It took until late June, but Harahan finally has a 2015 budget.
The City Council on Thursday unanimously approved a $5.9 million spending plan that gives the police and fire departments almost all of what they requested.
The Harahan Police Department got $1.74 million of a requested $1.8 million, and the Fire Department $954,339 of the $998,000 it sought.
The previous council didn’t pass a budget before it left office at the end of last year, and new Mayor Tina Miceli, who inherited an antiquated bookkeeping system and an operating deficit of well over $1 million, has been working through the first half of the year getting the city’s financial house in order.
Besides the general fund, the budget still draws money from other funds that officials would rather leave whole, but the city is working on improving its collection of fees and fines, switching its insurance plan and working with the state to gain reimbursement for past hurricane-related expenses that it may still be eligible for.
“I feel very proud of our department heads, our employees, who are pitching in and working really hard to do more with less, balance this budget and eat away at the deficit,” Miceli said, also thanking council members and the police and fire departments.
While she said straightening out the city’s financial woes will be an ongoing process, “this year it’s all about laying the groundwork to getting this government running the way it’s supposed to.”
Police Chief Tim Walker said the final budget was close enough to his requested amount to keep police officers on the streets an extra two hours a week by funding seven 12-hour shifts per officer per two-week period.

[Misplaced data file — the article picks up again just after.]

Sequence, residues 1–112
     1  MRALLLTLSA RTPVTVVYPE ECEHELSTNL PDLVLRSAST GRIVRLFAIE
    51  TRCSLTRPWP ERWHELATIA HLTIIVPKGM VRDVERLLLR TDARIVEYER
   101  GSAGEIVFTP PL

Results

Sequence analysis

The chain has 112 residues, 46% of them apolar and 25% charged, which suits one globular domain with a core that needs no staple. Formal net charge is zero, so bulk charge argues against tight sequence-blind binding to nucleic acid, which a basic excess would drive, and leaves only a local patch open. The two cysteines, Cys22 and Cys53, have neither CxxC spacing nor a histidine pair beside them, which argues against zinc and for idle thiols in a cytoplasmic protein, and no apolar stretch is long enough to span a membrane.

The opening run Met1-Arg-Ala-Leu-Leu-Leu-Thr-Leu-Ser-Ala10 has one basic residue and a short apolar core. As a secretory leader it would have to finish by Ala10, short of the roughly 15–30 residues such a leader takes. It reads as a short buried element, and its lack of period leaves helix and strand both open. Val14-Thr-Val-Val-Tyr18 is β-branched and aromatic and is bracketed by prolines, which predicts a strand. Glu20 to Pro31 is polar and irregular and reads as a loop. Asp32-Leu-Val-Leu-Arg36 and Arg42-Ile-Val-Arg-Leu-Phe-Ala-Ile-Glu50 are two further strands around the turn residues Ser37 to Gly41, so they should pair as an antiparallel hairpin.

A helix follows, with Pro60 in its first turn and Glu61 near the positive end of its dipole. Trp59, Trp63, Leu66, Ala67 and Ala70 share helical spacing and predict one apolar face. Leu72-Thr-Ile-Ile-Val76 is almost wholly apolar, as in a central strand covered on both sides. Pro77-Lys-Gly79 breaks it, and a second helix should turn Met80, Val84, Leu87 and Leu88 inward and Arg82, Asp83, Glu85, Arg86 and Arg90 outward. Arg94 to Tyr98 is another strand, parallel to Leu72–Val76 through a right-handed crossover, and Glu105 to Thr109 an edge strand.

Walker, who sent out an email earlier Thursday after rumors surfaced that the council meeting might be postponed, thanked the council members for keeping the date.
“I think it’s a great starting point, and I’m really glad that the council met and passed a budget,” he said.
The city was operating on a provision that allows municipalities to access up to half their funding for the year if a budget has not been passed. However, had the city gone into July without a budget, key services would have to have been cut.
Fire Chief Todd St. Cyr said his department will not be able to hire two firefighters it lost in 2014, but he said he would look into other ways to achieve that goal and make some hoped-for equipment upgrades.
St. Cyr said the department may look into creating a nonprofit group to raise money for the department and that he hopes to find a way to resurrect a volunteer program that was discontinued several years ago.
“Of course, we understand that the city was facing a major deficit this year, and we’ll work with them on that and hope next year will be a different picture,” he said.
While there was some talk earlier this month about cutting the city’s curbside recycling collections, that service remains intact.
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